Ok guys because of a theft recently I have found myself owning a Asus EEE Slate tablet pc which I recently installed the Windows 8 consumer preview on and here are my first thoughts with the product.
First off the specs for the Slate
12.1" WSVGA (1280x800) Capacitive LED Touchscreen; Pen or Finger Touch; Windows 7 Home Premium (64 bit) Operating System
Intel Core i5-470UM CPU; 4GB of DDR3 1333MHz SDRAM, 1x4GB; 1 slot, 4GB Max; Intel HD Graphics
64GB Solid State Drive; Wireless 802.11bgn; Bluetooth 3.0; 2.0MP Webcam; Internal Speaker; Internal Microphone
Mini HDMI Port; 2 USB 2.0 ports; 2-in-1 Card Reader (SD & MMC); 4 Cell 34W/h Battery (Up to 3 Hours Battery Life)
Includes Digitizer Pen; Folio Case; Bluetooth Keyboard
So first thing I did when I got this was to do a in place upgrade from Windows 7 to Windows 8, the install went through without any problems and used all the drivers from Windows 7 for the hardware so there was no fiddling with device drivers. I had to re-bind the bluetooth keyboard with the tablet but other then that there were no hardware issues with this tablet and Windows 8.
Start up time is completely respectable at around 10 - 15 seconds, battery life will vary depending upon your model of tablet, obviously the EEE Slate with its Core I5 is not going to last nearly as long as the reference hardware that Microsoft is pushing which is a Atom processor. To answer Shane's complaint about ram I would like to be able to have more but this tablet with 4 gigs is doable and when you look at the reference designs they are specifying the ram at 1-2 gigs. Visual Studio works perfectly fine on the tablet with 4 gigs, I am sure that since he is a more hardcore developer then he may need 8 gigs but for the average person 4 should be just fine.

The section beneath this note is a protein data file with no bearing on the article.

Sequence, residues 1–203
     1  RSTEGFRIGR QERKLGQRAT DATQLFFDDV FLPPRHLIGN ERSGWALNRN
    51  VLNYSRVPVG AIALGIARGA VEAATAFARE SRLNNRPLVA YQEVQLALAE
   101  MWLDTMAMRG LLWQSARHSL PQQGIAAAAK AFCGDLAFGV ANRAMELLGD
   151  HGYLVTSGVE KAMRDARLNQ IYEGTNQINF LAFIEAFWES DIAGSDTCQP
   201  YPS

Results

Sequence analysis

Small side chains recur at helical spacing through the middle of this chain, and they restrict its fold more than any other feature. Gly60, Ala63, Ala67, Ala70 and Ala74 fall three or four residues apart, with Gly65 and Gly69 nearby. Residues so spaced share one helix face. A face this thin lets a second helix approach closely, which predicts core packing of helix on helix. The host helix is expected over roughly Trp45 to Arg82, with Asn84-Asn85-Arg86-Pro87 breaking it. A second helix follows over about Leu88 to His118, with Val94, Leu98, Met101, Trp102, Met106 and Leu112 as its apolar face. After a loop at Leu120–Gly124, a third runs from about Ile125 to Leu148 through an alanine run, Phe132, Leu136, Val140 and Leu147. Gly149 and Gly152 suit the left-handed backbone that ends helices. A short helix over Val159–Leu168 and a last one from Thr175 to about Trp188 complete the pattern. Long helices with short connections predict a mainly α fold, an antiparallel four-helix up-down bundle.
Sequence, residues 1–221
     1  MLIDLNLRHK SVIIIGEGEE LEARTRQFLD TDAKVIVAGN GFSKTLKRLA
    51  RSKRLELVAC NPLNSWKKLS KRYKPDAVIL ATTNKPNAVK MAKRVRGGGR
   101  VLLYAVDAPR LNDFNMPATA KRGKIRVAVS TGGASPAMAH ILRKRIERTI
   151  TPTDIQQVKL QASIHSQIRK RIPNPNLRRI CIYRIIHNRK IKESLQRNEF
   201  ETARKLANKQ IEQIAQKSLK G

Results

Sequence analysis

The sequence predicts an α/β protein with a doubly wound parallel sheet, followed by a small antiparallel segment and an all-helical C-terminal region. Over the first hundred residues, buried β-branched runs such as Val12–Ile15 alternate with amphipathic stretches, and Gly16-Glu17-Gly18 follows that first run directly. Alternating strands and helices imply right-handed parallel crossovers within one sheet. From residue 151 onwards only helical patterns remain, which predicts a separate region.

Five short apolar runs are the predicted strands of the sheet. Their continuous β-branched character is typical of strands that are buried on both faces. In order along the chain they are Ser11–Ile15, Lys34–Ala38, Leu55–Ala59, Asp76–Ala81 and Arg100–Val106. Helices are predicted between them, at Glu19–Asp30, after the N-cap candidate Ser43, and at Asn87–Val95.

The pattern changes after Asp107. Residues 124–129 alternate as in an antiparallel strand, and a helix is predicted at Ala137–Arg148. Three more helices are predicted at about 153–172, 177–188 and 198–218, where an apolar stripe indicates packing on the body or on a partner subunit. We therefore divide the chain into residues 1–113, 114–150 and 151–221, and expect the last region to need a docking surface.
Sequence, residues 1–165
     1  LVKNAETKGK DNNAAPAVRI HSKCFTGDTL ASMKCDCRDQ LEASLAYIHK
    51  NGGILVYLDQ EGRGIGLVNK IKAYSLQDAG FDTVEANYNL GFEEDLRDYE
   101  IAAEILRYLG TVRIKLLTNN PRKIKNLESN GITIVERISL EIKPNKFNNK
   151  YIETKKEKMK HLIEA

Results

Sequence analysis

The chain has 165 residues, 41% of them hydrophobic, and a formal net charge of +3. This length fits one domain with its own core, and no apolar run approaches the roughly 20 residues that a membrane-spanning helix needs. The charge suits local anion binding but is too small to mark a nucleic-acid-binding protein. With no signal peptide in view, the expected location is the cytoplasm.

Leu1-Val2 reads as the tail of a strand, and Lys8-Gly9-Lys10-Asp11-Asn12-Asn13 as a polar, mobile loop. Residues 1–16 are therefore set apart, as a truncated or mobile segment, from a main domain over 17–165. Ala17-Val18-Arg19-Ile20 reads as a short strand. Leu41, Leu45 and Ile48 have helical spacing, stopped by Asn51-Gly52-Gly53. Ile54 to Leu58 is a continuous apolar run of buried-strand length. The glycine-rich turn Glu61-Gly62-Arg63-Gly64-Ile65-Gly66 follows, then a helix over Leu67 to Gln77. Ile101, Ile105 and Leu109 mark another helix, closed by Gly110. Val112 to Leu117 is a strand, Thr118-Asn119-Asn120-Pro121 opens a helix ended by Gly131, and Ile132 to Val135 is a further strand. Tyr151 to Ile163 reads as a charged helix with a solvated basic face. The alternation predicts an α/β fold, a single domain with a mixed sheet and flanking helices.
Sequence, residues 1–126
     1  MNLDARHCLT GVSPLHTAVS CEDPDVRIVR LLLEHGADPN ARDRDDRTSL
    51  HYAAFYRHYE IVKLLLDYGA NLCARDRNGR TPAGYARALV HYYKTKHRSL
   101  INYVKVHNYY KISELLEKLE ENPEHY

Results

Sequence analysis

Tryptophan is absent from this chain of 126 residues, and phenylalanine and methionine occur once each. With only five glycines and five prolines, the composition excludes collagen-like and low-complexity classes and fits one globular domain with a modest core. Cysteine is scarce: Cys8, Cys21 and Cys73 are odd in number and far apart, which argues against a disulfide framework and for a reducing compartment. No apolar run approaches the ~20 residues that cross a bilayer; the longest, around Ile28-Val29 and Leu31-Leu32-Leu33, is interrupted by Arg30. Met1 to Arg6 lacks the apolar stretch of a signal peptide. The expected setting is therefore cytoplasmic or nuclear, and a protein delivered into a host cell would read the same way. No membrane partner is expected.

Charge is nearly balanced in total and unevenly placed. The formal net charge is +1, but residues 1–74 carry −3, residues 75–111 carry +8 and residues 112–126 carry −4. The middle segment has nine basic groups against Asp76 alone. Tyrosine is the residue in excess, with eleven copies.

The initial setup of the mail client was straight forward and took only a couple of minutes, the same with the weather, news, and other metro apps. Windows 8 handles iso formats natively and no longer needs a virtual cd to load them so I loaded up Office and Visio both of which load and work perfectly fine using either the on screen keyboard or the bluetooth keyboard (naturally the typing is faster on the bluetooth keyboard then the on screen one but you can get by just fine with only using the on screen keyboard)
Navigating around Surface does take some getting used to, even when coming from an Android tablet. You swipe from the right to the left for your Start button, Search, Devices, and Settings Buttons. Settings give you your Wireless, Sound, Brightness, Notifications, Power, Keyboard, and Change Your Pc Settings options. Most of that is standard options you are used to on any Windows laptop, the Change Your Pc Settings tab takes you to another screen that gives you Personalize which allows you to change your lock screen picture, your start screen background, and your account picture. Users allows you to add users or to log into a Microsoft account which will allow you to backup all of your settings. Notifications allow you to turn various notifications on and off. Search allows you to turn search functionality on and off for various apps. Share allows allows you to turn on or off sharing options for the various Metro apps. General allows you to manage time zone on the tablet, app switching, keyboard options, spelling, Language, and the ability to reset your tablet to factory. Privacy settings turns on and off privacy options. Devices allows you to add devices to your tablet such as hardware or network resources. Wireless allows you to turn off and on wifi and bluetooth as well as set the system into airplane mode. Ease of access sets high contrast and adjusts the overall size of things on the screen as well as controlling the audio navigator. Sync your settings allows syncing of your different options. Homegroup and Windows Update both work just like Windows 7.
Swiping up from the bottom on the Metro screen gives you access to all of your apps. I have Chrome version 20.0.1132.47 beta-m installed and it works perfectly fine with the tablet.
What I have taken away from this tablet so far is that it works great as a business device, Android can do that partially but it has it's limitations when it comes to working in a corporate environment and a Ipad forget it as it is only good for media consumption (in a Windows environment anyway) As more software is written to take advantage of Surface it can only get better.